THE decision not to allow a re-examination of the way the decision to downgrade Poole's A&E and its maternity services was made will be the subject of a full hearing at the Court of Appeal.

Following an application by parties opposing the downgrades - part of Dorset Clinical Commissioning Group's proposed merger of Poole and Bournemouth hospitals - Lord Justice Gross ordered a full hearing into a High Court decision not to allow a judicial review of the CCG's controversial proposals.

A judicial review makes no comment on the rights and wrongs of any situation but examines whether the decision in question was made lawfully. However, if the appeal court hearing decides to allow the judicial review, Dorset CCG could be faced with re-running its entire decision-making process.

In his ruling Lord Justice Gross said: "The application gives rise to conflicting considerations. On the one hand there is a real danger of over-judicialising administration, so impeding decision-taking. Moreover the court will not lightly intervene on questions going to the allocation of scarce public sector resources. Still further, and unpalatable though it may be to some, the mode of delivery of public services does need to change from time to time."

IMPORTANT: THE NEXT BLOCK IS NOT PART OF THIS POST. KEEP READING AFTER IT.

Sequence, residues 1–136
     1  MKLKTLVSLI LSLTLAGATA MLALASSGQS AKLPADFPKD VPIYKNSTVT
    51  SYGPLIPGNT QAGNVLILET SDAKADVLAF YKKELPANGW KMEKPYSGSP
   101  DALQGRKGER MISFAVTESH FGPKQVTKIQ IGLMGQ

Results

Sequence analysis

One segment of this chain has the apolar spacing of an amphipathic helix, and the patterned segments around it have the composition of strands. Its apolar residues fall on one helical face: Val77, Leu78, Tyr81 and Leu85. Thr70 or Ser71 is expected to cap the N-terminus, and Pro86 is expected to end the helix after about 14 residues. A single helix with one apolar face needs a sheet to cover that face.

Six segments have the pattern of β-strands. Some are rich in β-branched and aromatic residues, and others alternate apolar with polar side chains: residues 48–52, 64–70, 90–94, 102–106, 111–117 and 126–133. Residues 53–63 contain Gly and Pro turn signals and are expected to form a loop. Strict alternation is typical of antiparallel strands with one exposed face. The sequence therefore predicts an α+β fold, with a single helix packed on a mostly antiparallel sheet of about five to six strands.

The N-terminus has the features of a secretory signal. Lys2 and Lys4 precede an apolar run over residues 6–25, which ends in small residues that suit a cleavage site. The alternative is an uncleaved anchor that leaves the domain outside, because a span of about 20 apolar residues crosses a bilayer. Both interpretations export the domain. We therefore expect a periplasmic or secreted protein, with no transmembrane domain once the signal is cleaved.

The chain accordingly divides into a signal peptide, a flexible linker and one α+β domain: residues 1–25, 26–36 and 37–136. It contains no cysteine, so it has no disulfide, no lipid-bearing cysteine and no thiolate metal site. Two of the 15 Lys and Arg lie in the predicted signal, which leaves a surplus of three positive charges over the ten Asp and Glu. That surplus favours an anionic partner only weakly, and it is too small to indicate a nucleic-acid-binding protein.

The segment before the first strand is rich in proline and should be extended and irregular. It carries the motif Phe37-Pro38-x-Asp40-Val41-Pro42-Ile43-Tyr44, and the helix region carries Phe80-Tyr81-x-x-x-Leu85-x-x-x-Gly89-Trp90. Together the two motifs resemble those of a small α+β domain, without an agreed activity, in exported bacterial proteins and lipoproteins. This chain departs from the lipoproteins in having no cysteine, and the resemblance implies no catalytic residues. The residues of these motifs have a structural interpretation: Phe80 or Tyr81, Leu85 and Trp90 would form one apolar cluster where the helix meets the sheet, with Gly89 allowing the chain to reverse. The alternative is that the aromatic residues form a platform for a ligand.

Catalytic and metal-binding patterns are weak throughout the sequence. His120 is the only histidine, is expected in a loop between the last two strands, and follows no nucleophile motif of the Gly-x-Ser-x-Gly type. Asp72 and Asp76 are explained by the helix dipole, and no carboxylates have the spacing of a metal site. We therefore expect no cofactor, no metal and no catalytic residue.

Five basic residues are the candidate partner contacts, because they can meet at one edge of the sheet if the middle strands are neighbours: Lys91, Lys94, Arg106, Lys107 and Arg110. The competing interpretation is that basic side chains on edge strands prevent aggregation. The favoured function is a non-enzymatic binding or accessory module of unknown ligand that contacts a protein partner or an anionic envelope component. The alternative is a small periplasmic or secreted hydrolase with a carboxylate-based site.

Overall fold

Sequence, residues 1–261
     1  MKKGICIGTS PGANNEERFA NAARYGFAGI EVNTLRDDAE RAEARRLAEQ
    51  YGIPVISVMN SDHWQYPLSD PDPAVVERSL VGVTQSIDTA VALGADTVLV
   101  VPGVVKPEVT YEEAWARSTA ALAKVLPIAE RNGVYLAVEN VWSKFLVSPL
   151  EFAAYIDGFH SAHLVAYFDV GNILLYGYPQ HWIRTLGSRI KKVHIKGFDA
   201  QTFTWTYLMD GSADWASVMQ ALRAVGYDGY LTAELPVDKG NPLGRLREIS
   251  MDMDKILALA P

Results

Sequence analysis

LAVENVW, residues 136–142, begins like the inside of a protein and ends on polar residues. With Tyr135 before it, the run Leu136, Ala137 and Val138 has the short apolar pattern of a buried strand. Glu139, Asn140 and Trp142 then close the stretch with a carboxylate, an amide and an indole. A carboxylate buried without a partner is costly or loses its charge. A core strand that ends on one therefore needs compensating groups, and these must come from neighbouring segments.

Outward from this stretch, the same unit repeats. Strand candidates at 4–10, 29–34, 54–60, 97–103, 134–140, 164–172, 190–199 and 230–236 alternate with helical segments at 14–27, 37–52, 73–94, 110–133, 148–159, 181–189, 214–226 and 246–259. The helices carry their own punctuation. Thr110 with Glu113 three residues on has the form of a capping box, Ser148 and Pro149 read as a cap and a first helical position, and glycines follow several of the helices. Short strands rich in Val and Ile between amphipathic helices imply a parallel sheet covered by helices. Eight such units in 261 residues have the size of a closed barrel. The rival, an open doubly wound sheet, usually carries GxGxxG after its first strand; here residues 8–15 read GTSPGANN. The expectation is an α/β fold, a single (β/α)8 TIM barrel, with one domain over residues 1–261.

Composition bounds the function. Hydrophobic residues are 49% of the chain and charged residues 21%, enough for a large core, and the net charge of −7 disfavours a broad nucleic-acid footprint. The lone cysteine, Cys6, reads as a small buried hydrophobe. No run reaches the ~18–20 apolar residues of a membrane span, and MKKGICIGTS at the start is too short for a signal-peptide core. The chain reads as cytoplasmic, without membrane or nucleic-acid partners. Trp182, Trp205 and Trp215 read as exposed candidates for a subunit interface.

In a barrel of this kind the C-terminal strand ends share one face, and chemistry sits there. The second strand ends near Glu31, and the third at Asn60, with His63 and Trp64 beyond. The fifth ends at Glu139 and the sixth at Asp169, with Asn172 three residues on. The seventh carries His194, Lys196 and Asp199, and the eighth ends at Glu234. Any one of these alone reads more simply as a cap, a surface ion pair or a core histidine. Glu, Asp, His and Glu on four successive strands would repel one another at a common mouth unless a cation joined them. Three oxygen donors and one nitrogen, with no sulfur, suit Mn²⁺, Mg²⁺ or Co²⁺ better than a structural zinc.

However, he stressed that: "The application gives rise to a question mark as to whether there exists an actionable gulf between the CCG's paper 'vision' and the reality of proposed delivery - a delivery which will make significant changes to the configuration of health services in Dorset."

Judge Gross's ruling has been welcomed by Defend Dorset NHS, one of the most prominent groups campaigning to prevent the department downgrades.

Group member Debby Monkhouse said: "The Judge who made the Order was in two minds: on the one hand he thought the Judiciary should not interfere too much in the the decisions of cash strapped public sector bodies. On the other hand he thought there might be an 'actionable gulf' between what the CCG's paper vision and the reality of the proposed delivery'."

She said DDNHS were interested to note that 'none of the reasons on the CCG side relate to the strength of their case'.

"They are all about the use of Judge's power regarding public sector decisions," she said. "We, the public, rely on the Judiciary to protect us against decisions that will not only affect access to NHS services, which will be fewer and further away, but that will increase Dorset fatalities and lives lived in disability."

The hearing date has yet to be set.